In keeping with the people-centric focus of the current Georgia Tech strategic plan, our imagery should be organic and story-driven, showcasing the human element behind Georgia Tech and moving away from any sterile or industrial-type feel. Active shots of our diverse Tech community working on and enjoying the campus will help convey the warmth and inclusivity the Institute embraces.

Portraits

Portraits should typically feature the subject facing the camera with confidence and self-awareness. The subject may be pictured in a familiar situation, such as their lab or classroom.

portrait photography examples

Research

Photographs of research subjects should tell a story about the work being done. So, they should show the subject or subjects engaging in the research in some way. Research photography should always be colorful and high-contrast, and can be complemented by the use of mosaic shapes. While research material is typically more formal in approach/tone, it should not be devoid of warmth and color.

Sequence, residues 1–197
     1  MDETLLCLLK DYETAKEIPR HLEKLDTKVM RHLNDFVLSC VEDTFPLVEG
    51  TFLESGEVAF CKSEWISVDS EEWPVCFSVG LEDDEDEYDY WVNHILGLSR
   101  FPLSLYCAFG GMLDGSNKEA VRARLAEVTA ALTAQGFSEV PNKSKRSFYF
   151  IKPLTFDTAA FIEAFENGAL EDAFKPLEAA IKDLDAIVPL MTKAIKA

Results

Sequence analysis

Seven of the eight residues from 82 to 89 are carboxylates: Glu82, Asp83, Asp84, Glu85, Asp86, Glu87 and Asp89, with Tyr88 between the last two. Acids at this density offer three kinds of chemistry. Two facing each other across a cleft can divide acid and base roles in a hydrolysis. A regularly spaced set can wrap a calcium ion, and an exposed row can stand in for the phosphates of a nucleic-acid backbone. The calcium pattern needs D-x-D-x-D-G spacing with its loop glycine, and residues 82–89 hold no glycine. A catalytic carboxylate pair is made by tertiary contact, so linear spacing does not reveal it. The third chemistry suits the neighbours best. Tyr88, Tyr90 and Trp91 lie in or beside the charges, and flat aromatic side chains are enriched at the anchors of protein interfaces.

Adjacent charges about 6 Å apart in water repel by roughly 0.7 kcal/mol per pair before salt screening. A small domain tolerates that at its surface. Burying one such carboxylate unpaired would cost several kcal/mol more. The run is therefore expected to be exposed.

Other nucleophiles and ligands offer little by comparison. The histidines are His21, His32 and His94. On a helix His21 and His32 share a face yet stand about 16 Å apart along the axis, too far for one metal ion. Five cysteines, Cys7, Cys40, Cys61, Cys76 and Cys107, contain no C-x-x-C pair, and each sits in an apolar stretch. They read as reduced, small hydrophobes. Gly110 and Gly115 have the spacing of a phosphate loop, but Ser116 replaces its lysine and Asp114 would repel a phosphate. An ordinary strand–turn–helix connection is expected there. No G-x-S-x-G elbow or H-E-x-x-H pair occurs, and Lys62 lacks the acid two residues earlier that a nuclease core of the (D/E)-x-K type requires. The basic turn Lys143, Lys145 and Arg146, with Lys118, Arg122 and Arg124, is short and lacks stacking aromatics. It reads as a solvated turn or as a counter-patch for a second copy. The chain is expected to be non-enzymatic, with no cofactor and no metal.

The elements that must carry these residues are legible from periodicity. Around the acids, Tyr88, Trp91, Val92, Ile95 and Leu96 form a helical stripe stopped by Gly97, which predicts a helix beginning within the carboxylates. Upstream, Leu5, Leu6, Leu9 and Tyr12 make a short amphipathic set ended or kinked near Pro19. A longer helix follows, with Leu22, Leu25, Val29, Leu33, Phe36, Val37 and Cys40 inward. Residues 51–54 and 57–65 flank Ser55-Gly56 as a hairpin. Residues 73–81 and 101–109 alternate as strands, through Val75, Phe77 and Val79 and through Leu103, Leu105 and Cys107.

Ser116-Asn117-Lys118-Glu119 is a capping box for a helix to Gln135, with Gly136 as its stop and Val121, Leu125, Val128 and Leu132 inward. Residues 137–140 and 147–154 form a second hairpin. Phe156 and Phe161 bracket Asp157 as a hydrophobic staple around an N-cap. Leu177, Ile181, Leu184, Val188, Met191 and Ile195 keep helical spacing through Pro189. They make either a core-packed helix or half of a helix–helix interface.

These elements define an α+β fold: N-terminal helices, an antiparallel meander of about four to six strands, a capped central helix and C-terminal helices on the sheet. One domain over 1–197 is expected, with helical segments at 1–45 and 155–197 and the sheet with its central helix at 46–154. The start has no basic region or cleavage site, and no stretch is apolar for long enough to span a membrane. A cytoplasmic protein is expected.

reearch photography examples

Campus

Images of campus should include people as far as possible so that a compelling sense of place is conveyed. Compositions are made dynamic through high vantage points, wide angles, and attention to framing and use of angles and lines to lead the viewer’s eyes.

campus photography examples

Georgia Tech Community: Students, Faculty, Staff

Photographs of people should represent the diversity of experience and identity at Georgia Tech, with an emphasis on collaboration, quality of life, and ingenuity.

student photography examples

Athletics

Photos representing the world of athletics at Georgia Tech should be action- and movement-oriented. Subjects should appear to move toward the viewer, upward, or across the image. Subjects should not appear to move away from the viewer.

athletics photography examples

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